We’ve spent way too much time in funeral homes and cemeteries lately. I know it’s a part of the cycle of life, but it seems like every time I pick up the phone these days, I hear another one of those awful messages that starts with: “I’m so sorry…”
This time we put a favorite older cousin into the ground. He was the inspiration for three articles that appeared here on Kerrian’s Notebook last year about the use of firearms – their care and the training needed to maintain safety and competency levels. Any time I wrote an article about firearms, he checked the details for accuracy, then would send me a ‘thumbs-up’ email. He didn’t have a large collection by enthusiast standards – only a half dozen rifles and handguns – but he knew a great deal about the history of each and enjoyed them all at one time or another during his weekly visits to his gun club.
He had been a paratrooper, a sailor, an aerospace engineer, a furniture maker, and most important of all, a churchgoer and a family man.
He died of cancer, but was not a young man – an octogenarian when he succumbed. He chose to fight and live his life fully, right up until the docs admittedly gave him an overdose of meds. And even after that, he went out to lunch and dinner all the time, held court at the local breakfast place every morning and was at the shooting range two weeks before he died. He was chalky pale, but as long as he was able to walk, he was learning how to reload bullets, checking new sources for unusual wood, attending the latest antique car show, chatting with friends he made along the road of life.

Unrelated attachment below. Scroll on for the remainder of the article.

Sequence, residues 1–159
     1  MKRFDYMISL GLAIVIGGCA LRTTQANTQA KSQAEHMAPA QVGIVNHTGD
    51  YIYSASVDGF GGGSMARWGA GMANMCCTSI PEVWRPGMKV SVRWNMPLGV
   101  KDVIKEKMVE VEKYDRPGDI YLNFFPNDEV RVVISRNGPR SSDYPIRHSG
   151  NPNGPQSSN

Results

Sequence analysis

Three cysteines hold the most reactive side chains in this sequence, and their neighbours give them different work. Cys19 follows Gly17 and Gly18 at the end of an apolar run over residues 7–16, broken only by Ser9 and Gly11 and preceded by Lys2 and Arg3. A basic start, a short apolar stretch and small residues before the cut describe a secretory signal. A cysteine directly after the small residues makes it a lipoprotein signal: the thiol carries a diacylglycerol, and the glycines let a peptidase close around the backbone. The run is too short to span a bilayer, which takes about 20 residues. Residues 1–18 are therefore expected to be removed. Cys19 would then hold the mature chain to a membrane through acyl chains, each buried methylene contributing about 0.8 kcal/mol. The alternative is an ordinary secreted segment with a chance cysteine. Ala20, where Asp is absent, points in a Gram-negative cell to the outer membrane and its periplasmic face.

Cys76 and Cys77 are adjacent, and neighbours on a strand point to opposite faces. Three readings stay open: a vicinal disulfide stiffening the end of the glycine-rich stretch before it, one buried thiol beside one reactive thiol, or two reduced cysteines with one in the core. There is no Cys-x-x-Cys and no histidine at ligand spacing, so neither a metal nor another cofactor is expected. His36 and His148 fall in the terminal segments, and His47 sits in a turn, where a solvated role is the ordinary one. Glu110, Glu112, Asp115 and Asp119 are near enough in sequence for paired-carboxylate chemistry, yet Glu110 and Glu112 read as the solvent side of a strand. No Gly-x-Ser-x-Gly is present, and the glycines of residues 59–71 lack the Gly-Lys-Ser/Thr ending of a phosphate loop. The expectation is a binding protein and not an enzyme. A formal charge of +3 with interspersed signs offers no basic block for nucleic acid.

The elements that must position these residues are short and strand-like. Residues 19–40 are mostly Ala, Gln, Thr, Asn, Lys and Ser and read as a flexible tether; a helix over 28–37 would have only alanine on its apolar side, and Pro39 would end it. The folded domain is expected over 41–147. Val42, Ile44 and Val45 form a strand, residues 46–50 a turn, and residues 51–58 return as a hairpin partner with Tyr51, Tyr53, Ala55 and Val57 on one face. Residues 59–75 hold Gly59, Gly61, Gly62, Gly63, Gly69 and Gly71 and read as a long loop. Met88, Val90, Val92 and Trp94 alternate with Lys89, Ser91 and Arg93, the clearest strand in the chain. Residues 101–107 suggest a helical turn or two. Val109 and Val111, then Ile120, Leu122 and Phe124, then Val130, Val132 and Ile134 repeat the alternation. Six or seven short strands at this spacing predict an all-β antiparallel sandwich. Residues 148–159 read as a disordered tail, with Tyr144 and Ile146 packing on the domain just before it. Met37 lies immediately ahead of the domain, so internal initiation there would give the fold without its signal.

Now you might wonder: “80? He probably died of old age.” Nope. In our family, 80 is the age when you admit you’re on Social Security and start talking about retirement. He had been driving for a trucking company up until his birthday in December. They wanted him to stay on, but he said that it was time to slow down a bit. Most of my side of the family lives into our 90s, so I was in denial about my Cuz being that sick.
We still wonder if administering the extra meds was a calculated risk or a really bad choice made by the doc. We know that his intention was not to harm, but to help. But, it was the wrong choice. Not like the slip of a knife during a surgery, or the wrong kind of anesthesia that would cause someone to die on the table, but lethal in the end.
How often does this happen? Medical malpractice and honest mistakes are different in the eyes of the law and insurance companies. At this point in the post, I might normally give you statistics and information that you could use in an article of your own, and Cuz would love that he got to appear in Kerrian’s Notebook once again, even if behind the scenes.
But, today? I’d simply like to salute a guy who lived a life that many would envy, happy until the end. We will miss him.